When is the best time to give advice?

And the answer is… never.

And by never, I mean not ever. Unless, of course, we specifically ask the person if they are looking for our thoughts or suggestions regarding their troublesome situation, AND they reply “yes!” or they explicitly request our advice (but even then the person rarely actually wants your advice – they just want you to fix their problem for them which, of course, none of us can actually do).

You see, many of us believe in earnest that we are the experts on someone else’s life and if they’d only do what we’d do – okay, scratch that because many of us are actually terrible at taking our own advice – so rather, if only they’d do what we thinkthey SHOULD do, then their lives would be fixed, perfect, and all hunky dory.

But wait! How can we possibly be the expert on someone else’s life? Even if it’s someone we’ve lived with for 10, 20, or 30 years – can we actually know someone better than they know themselves? Can we really be as omniscient as this? Well maybe there’s someone out there who can, but by George tis not I.

SO, Julia, when people who come to us with their problems, complaints, challenges, hardships and belly aches and are NOT interested in our expertly curated, wisely formulated, and brilliantly thought of solutions to their problems, what the heck do they want from us?

Support and acceptance.

They are looking to be heard, acknowledged, and validated. Most of the time, unless otherwise overtly specified by them, that’s all. Not to say we always need to agree with the person’s actions or choices, but by coming to us they are simply asking us to hear them and be there for them.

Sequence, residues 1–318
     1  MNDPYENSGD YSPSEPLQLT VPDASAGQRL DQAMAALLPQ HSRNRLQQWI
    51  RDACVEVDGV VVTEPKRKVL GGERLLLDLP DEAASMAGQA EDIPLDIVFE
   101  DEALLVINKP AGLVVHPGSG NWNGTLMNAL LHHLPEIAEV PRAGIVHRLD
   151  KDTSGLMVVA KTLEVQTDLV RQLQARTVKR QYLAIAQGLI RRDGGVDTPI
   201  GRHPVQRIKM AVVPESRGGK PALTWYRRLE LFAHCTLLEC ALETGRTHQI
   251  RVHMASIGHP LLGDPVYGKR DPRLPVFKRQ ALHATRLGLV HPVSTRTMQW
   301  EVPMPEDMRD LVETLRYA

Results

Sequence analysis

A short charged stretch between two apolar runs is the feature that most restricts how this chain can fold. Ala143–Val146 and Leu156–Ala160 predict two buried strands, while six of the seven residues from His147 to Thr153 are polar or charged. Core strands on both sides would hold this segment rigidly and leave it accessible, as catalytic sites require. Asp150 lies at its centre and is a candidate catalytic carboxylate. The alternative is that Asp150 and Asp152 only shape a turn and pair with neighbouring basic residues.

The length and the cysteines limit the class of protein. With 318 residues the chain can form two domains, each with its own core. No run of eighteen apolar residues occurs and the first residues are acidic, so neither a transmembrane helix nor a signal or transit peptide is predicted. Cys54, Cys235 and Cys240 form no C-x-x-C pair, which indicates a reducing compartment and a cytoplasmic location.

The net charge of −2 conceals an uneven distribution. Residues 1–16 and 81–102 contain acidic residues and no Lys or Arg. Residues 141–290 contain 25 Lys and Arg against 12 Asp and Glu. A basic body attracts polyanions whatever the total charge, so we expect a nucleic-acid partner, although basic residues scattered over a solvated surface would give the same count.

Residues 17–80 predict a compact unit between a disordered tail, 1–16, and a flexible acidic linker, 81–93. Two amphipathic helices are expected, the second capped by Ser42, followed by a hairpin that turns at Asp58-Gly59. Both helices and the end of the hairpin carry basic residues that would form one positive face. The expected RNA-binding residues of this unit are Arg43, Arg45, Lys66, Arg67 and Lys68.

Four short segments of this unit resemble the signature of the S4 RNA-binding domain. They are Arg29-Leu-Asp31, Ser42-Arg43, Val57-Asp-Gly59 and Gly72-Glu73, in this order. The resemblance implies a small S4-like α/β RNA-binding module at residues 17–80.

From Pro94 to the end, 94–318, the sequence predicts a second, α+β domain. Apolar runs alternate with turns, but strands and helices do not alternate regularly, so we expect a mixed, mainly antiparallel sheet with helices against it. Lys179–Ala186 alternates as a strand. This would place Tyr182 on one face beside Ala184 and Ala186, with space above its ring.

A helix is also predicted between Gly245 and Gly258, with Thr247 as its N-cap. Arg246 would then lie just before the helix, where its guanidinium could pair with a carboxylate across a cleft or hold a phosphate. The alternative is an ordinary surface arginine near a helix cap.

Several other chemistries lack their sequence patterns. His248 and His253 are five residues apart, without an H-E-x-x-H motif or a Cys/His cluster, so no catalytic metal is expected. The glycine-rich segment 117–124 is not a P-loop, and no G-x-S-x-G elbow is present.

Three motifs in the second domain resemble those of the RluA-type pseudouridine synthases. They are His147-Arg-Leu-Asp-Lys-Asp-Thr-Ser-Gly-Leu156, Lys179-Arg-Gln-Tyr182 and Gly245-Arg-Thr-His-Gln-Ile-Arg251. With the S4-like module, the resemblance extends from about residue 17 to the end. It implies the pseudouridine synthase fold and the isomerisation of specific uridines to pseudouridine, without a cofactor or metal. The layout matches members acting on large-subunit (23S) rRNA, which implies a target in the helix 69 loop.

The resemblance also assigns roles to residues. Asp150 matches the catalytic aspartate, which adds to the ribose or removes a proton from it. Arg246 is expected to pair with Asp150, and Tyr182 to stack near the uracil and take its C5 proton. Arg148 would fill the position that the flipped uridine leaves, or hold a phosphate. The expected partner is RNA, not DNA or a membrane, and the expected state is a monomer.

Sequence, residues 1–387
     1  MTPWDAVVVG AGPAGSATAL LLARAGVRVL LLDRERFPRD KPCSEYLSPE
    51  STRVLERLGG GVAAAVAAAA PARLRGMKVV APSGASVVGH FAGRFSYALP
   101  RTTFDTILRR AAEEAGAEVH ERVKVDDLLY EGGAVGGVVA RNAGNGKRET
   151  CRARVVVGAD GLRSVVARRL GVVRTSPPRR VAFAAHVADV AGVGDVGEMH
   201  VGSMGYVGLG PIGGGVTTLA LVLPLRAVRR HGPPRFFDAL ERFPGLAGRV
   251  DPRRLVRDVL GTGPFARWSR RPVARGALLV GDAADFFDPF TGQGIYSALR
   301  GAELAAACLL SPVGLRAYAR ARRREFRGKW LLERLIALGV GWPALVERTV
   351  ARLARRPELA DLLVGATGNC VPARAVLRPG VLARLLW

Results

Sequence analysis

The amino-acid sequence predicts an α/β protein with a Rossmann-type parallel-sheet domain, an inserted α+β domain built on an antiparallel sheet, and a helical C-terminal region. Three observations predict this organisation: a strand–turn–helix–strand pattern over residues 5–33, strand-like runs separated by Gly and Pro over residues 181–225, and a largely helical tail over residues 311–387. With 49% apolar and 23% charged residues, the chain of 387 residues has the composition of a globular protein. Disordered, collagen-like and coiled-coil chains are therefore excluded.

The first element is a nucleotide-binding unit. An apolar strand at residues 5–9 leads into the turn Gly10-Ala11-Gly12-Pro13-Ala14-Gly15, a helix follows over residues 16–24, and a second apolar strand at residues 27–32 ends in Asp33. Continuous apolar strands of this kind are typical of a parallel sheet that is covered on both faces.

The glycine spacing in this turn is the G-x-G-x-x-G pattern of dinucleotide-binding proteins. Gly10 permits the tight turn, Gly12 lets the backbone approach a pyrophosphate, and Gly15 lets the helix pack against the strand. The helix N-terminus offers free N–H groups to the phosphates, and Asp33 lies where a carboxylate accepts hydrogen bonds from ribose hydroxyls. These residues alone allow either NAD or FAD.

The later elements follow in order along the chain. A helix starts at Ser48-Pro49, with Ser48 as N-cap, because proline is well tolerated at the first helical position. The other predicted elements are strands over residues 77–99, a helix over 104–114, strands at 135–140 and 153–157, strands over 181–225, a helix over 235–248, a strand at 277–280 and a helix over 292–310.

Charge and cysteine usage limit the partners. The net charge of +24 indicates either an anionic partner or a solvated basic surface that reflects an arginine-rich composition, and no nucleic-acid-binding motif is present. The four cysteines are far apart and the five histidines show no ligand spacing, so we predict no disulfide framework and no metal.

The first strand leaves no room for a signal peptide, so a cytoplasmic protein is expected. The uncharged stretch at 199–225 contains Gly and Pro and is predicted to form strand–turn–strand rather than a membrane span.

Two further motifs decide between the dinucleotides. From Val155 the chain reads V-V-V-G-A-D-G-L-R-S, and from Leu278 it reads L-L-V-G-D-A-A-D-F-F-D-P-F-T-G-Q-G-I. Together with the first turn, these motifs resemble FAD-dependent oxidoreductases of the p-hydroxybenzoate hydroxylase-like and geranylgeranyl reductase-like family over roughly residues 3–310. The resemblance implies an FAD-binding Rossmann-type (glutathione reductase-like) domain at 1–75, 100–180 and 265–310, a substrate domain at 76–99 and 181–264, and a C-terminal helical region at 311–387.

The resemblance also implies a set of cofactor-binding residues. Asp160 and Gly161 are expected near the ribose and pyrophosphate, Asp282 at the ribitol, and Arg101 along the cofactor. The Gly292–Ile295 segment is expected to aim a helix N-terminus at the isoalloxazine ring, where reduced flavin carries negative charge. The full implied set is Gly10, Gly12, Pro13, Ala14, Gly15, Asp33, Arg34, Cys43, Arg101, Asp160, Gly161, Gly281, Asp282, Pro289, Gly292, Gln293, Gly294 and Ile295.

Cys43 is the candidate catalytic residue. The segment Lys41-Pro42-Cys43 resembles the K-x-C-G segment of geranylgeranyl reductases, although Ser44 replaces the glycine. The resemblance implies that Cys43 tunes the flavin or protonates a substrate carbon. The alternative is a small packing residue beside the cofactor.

Have you ever noticed that the best and most satisfying “problem solving” conversations you’ve had with someone when sharing your woes is when they just listen non-judgmentally to you, and really make you feel like they hear what you’re going through and where you’re coming from?

When you turn to someone in times of need what you want is to feel heard and acknowledged, and that’s typically all any of us wants.

It was one of the forefathers of modern psychotherapy, Carl Rogers, who wholeheartedly believed, researched, and experienced that given a safe, non-judgmental, caring and supportive environment most people are capable of coming to conclusions and solutions to their problems on their own.

We are often a lot smarter than we think AND we typically know better about what makes sense and works well for us than someone who hasn’t spent a lifetime in our shoes.

It’s funny how most of us REALLY like to give others advice and think we know what their solution is and what is best for them and can even upset ourselves tremendously if they don’t do what we think they should do, but if you think about it, how many of us REALLY like to get advice and expertise about our lives from someone else? Of course we’re allowed to have our own thoughts and opinions about others. And often it’s most effective when we keep those opinions to ourselves.

And in the case of this article here? Take what’s useful and leave the rest. AND of COURSE if you’ve been given the explicit feedback that your unsolicited advice is most welcome and tremendously useful to others, then by all means – don’t hesitate to keep giving it! Because, goodness knows, I am definitely not the expert on your life.